McKinney creates Shady Sam, a new game to expose predatory lenders
For many Americans, obtaining high-interest loans has become a necessary evil — whether it’s for short-term survival or to pursue a small part of the American dream. And it’s a practice that puts them at the mercy of predatory lenders. Spoiler alert: predatory lenders show no mercy.
Shady Sam, a new game created by McKinney for Next Gen Personal Finance, takes aim at predatory lenders by casting its players not as victims but as sleazy stars in an 8-bit B movie. The game uses this look and conceit to drive home the perils of predatory lending and its far-reaching and pernicious implications on people’s credit ratings as well as their ability to finance their dreams.
And though the game uses a “sleazy” lender as a gambit, the deceptive shell games of interest rates and loan terms deployed by Shady Sam and his minions are not all that different from tactics used by “responsible” lenders at big banks.
The game entices players to screw over the people coming to them for money, pushing them into loans that weigh them down under crushing debt while maxing out profits for Shady Sam, their loan shark boss. Their reward for grinding loan-seekers under their 8-bit boots? Tchotchkes for their desk and oily emails of praise (or chastising, depending how much money they’re lining Sam’s pockets with) from their boss. Still, despite casting the players in a villainous role, the game manages to be enthralling in its addictive gameplay while encouraging players to do the “right-wrong” thing.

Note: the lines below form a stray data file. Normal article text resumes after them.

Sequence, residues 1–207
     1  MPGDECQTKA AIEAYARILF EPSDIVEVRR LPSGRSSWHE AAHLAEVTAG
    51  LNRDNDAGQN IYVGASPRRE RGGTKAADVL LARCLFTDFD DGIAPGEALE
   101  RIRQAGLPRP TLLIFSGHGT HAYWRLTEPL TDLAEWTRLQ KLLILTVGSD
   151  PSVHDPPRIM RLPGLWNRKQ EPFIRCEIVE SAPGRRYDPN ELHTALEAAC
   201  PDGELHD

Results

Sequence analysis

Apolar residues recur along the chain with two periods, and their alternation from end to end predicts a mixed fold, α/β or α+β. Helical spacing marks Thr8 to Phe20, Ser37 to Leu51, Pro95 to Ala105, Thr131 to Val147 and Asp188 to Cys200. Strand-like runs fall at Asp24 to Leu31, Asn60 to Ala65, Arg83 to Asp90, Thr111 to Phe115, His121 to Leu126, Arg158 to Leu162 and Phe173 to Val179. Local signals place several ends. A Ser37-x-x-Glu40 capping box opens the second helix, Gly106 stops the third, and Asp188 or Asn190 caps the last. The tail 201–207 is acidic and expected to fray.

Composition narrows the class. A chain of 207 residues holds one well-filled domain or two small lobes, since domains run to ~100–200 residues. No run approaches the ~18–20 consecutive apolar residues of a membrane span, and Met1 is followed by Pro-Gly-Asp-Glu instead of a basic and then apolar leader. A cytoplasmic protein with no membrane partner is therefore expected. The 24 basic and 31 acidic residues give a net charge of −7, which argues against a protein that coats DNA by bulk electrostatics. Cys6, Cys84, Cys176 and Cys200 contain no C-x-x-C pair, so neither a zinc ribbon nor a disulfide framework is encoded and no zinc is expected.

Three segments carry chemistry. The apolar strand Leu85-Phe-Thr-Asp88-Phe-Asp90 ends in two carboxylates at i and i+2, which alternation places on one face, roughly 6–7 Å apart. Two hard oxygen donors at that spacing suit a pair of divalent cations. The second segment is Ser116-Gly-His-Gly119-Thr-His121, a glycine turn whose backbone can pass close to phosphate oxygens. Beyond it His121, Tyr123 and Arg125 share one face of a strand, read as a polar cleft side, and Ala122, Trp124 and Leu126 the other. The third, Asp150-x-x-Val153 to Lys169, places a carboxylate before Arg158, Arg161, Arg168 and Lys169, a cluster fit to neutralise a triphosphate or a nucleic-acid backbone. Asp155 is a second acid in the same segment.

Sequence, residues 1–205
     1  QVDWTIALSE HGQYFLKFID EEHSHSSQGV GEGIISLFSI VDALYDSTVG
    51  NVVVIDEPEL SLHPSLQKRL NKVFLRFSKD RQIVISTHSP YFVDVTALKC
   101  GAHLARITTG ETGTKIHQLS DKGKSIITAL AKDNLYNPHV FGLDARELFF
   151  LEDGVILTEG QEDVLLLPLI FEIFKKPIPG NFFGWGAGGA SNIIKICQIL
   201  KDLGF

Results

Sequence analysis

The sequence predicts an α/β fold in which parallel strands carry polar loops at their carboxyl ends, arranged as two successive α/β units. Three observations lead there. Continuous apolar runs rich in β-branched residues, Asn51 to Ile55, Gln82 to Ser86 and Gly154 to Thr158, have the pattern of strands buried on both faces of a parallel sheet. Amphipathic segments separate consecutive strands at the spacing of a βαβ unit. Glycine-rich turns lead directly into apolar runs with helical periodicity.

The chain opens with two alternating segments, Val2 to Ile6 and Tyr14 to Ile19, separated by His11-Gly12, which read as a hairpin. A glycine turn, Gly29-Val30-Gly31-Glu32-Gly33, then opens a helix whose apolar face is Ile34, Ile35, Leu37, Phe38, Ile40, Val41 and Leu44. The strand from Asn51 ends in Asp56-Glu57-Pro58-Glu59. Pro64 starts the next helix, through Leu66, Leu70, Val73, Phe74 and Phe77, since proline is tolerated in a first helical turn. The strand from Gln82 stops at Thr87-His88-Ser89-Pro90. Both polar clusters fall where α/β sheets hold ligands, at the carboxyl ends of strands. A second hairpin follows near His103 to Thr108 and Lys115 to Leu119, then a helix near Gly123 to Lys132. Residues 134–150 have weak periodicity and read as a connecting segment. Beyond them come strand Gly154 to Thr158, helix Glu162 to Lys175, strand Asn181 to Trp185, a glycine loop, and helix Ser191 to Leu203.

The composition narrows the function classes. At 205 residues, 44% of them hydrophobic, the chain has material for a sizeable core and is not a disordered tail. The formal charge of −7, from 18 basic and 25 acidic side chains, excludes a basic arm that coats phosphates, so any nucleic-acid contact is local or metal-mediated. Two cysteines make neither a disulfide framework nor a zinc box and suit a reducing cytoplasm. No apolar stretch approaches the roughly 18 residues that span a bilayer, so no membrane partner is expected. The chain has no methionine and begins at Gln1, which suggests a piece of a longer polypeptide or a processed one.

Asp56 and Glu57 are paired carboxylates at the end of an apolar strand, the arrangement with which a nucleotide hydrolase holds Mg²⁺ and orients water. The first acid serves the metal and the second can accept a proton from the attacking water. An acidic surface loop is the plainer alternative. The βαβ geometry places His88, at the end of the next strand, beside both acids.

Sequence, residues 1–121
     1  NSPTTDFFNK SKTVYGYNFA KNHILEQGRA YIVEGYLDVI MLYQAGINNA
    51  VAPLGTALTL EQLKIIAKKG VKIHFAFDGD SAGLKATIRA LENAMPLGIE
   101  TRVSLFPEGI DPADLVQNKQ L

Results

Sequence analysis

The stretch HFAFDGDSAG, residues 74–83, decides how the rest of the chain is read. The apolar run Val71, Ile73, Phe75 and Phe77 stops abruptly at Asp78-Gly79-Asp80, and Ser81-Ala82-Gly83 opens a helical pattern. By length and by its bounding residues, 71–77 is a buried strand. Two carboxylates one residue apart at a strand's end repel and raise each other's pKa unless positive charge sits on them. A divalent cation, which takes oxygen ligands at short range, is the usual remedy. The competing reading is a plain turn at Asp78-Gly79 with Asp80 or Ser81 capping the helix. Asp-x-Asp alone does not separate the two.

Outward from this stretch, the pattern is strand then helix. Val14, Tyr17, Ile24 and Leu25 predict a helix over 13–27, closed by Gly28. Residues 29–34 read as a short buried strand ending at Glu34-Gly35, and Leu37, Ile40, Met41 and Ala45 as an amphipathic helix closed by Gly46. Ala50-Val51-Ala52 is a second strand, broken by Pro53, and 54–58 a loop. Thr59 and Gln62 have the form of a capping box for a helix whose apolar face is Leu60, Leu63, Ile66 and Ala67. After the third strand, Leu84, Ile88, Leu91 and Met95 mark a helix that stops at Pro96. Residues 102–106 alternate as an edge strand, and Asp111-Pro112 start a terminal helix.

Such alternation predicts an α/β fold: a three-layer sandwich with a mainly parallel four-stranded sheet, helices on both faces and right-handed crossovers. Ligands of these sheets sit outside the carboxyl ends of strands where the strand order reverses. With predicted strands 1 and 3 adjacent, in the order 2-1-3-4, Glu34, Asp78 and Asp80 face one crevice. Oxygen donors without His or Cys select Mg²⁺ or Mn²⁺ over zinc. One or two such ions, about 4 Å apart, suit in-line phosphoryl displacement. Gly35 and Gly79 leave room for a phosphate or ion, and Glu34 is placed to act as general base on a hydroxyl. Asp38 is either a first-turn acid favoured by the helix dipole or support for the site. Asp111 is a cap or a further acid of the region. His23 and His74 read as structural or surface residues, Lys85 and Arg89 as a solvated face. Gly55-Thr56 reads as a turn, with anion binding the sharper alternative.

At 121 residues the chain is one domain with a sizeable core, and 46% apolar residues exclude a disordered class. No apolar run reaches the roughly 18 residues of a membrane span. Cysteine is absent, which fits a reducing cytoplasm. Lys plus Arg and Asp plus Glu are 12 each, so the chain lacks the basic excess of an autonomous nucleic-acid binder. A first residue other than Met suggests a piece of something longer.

“The most important question we ask ourselves as we make these games is not, ’what do we want them to learn’ but ‘why will they care?’ said Group Creative Director Jenny Nicholson. “If you don’t nail that, the learning doesn’t happen.”
The game is one of a continuing suite of games McKinney is creating for Next Gen Personal Finance to promote better financial understanding — the first effort in the partnership was PAYBACK, an online game that educates students on making wise decisions about how they’ll pay for college. The game has been played over 615,000 times (by more than 420,000 students) and was first featured in The New York Times. In addition to Shady Sam and PAYBACK, other Next Gen games include Cat Insanity and STAX.
One of the cool things about the games created by McKinney lies in the fact that they find ways to teach critical financial lessons without “teaching,” so to speak. People come away entertained and educated.
“As with all the other NGPF games, we love finding ways to make the students sit up a bit more and realize they want to pay attention to these lessons,” said Creative Technologist Colin Dwan. “Every loan has weight and we hope this game equips its players with a few extra tools to better understand how to dissect loan terms so they don’t get screwed.”